As a designer or front-end developer, you should feel right at home within a “view”. A view in an ASP.NET MVC application is written mostly in HTML and usually represents a web page.
1.Introduction1 lesson, 02:19
2.MVC Basics4 lessons, 15:13
3.Designing Within MVC14 lessons, 1:58:58
4.Conclusion1 lesson, 01:11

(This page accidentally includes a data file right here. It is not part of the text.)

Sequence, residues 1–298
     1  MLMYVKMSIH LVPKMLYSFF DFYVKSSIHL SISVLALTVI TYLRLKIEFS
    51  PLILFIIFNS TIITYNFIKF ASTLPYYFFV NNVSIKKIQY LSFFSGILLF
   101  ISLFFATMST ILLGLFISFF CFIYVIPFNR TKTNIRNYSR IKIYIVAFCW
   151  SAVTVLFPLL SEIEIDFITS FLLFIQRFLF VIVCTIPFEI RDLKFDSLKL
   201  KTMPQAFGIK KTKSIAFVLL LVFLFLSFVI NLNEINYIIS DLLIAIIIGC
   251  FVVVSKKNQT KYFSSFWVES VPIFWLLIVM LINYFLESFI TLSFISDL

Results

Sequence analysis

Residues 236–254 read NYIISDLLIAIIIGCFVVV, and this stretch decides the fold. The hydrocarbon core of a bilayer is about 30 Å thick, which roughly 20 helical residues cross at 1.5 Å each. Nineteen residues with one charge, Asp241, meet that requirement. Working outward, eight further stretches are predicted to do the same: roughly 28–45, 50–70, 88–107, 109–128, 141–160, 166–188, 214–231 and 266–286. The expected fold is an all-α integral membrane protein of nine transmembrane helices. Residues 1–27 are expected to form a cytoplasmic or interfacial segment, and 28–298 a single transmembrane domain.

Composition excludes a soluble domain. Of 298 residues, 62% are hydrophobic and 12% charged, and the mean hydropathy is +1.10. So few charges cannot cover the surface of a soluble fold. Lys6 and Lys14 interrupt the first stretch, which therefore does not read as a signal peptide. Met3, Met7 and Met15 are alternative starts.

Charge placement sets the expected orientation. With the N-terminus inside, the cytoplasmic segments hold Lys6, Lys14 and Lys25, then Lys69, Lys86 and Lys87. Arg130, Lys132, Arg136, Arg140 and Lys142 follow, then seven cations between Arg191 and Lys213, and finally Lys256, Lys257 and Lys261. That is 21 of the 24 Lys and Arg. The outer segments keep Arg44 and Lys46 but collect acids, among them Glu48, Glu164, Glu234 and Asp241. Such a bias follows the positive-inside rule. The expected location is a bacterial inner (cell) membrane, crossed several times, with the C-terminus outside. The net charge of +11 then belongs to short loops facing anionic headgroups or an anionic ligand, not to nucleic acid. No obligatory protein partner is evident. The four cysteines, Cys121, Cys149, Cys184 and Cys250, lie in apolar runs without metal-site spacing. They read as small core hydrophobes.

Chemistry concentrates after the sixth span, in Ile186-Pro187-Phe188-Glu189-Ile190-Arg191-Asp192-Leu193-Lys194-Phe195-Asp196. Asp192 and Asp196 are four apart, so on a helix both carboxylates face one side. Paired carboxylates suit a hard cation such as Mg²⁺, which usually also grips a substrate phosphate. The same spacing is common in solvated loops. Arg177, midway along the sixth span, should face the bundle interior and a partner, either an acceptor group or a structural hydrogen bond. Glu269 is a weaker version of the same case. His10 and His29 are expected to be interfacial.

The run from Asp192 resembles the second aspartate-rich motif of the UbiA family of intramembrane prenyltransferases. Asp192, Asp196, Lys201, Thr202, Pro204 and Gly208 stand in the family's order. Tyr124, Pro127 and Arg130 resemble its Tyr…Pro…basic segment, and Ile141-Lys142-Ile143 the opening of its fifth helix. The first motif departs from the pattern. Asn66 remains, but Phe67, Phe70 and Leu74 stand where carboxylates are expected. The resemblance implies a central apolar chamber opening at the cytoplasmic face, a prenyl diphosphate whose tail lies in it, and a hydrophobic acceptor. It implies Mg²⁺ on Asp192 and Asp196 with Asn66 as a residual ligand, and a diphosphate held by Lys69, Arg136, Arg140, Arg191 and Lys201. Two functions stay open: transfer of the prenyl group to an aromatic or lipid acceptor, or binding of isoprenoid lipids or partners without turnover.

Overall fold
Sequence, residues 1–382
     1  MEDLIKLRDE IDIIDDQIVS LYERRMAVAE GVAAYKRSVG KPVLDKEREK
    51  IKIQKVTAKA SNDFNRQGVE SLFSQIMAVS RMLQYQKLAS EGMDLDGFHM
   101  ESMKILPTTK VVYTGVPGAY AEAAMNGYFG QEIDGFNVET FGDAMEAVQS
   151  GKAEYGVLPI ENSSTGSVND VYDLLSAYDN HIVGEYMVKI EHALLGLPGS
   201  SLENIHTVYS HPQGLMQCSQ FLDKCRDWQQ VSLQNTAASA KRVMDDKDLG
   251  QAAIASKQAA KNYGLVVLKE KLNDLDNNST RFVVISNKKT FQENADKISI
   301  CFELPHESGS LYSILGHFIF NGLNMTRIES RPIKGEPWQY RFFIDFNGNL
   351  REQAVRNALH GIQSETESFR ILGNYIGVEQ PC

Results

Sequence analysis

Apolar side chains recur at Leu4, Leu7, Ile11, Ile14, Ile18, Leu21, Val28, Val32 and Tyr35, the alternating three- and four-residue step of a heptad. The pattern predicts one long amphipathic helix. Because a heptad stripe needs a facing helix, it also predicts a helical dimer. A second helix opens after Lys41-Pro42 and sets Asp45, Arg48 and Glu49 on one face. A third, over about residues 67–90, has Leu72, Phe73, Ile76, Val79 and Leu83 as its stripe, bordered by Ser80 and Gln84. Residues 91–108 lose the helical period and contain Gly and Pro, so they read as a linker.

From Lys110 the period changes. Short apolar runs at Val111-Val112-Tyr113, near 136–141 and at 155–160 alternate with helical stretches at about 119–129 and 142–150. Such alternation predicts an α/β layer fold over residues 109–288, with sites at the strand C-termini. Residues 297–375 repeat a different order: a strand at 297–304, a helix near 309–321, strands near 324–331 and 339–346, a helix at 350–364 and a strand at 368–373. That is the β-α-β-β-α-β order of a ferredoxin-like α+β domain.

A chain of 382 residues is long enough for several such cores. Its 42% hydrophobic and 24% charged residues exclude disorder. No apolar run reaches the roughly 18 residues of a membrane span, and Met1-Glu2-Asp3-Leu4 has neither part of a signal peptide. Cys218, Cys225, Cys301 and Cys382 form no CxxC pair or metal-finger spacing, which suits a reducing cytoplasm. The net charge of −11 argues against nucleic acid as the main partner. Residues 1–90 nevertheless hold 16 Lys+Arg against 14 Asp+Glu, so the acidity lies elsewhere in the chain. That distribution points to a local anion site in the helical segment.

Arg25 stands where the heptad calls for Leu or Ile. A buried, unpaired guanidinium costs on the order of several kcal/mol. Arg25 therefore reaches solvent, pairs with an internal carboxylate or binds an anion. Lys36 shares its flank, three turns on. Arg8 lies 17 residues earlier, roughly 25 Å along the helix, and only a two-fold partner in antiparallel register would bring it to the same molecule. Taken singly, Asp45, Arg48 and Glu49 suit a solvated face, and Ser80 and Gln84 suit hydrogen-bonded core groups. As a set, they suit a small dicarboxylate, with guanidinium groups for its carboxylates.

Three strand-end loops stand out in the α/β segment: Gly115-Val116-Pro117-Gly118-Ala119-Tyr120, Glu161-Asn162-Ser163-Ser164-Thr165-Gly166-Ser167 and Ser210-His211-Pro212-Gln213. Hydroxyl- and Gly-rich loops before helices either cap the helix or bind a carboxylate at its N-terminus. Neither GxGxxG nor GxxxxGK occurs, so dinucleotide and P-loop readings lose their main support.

Hello! And welcome back to asp.net MVC for designers.Over the next couple of lessons I want to give you an overview of the MVC environment by talking about views, models, and controllers up close. And in this lesson, I wanna start by talking about views, because views are going to be the most familiar part of the MVC framework to a designer. As designers, we're familiar with working with HTML and CSS, and our view, as we've mentioned before is where our HTML is going to reside. So I've got a bare bones MVC application open in Visual Studio Express, and I don't want you to worry about following along with me just yet. You don't have to open up Visual Studio because we're not going to be editing any HTML yet. Instead I just wanna give you an overview of what the MVC framework looks like in a web application or in a Visual Studio project. And we'll create our own project later, but for now let's just take a quick look at this project that I have open. Now you'll notice that I'm using Visual Studio Express. Even with Express, you can use or create MVC projects. So even with the free version of Visual Studio, you should be able to follow along. So in my solution explorer window over here on the right you can see our file structure for our web application. Now this just has the default name of "WebApplication1", but it will serve our purposes in showing you the MVC framework. Now the great thing about this setup is you can very easily tell where the models, views, and controllers are for our website. They each have their own folder, so we have a models folder, a views folder and a controller's folder. And in this particular lesson I want to take a quick look at our views. So I'm going to expand the views folder, and you'll notice in this default project I have a few folders here, and I can open any of those folders to see a number of different views. Now the first thing that you as a designer might notice about these view files is that they're not HTML files. Instead, they're CSHTML files. And that means that we've got a little bit of C# mixed in with our HTML. Let's take a look, for example, at our register .cshtml view. So I'm gonna double click on that and when it opens up we'll see that it's a simple HTML file. But it also has some code mixed in with it. You'll see that we have a lot of code that starts with this @ symbol, followed by whatever code we're trying to access. Now the code itself is C#, but this particular syntax where we have this at symbol followed by the code, is called razor syntax. Razor syntax allows to very easily insert Any C# code we need into our HTML page. Now remember, this is not a programming tutorial. This is not a course on programming. This is a course for designers on how to get your developers started by entering in whatever HTML they need for your website. So, we're gonna be working mostly with HTML and CSS. Now, we are gonna touch a little bit on this Razor syntax and we will touch a little bit of C# code, but we're gonna keep it really simple. But again, as you can see we have our HTML here, we have an H2 tag and we can see by this razor syntax here that we're pulling in some kind of data dynamically. And this code here will ultimately be replaced by some text. You'll also see this begin form method here. So we're using razor syntax here to create a form on our CSHTML view. So this particular view might be a little bit intimidating just looking at it because it has a lot of C# syntax that you might have never seen before. But we can probably find some more basic straightforward pages. For example, if we just go to About.cshtml, it's just some basic HTML here. Now again, we have a little bit of Razor syntax at the top. But you could erase all of that and just put basic, plain HTML here. Now, as you explore your Views folder, you might see something like this Shared folder here. If you expand that out, you'll see we have a file called _Layout and we'll be talking about this particular type of file later on. But we have layouts and we have partials, we have different types of views. Not every view is going to represent a standalone webpage. We have some partial views that we might be able to reuse over and over again inside some of our other views. But again, I just wanted to show you this views folder to show you just how simple this MVC framework can be as far as locating the files that you're looking for. All of the HTML that you're going to be using again, is gonna be in this views folder. We're going to take a look inside the model, and controllers folder soon. But again, most of the work that you'd be doing would be in the views folder. And then in the content folder, so if we open up the content folder you will see we have a few CSS files here and you can see that Bootstrap is included by default whenever you create a new MVC project in Visual Studio. So those are some of the basics of finding and understanding views in Visual Studio. As we move forward, we'll also talk about models and controllers. And then we'll start creating our own projects using some of these concepts. So thank you for watching, and I'll see you in the next lesson.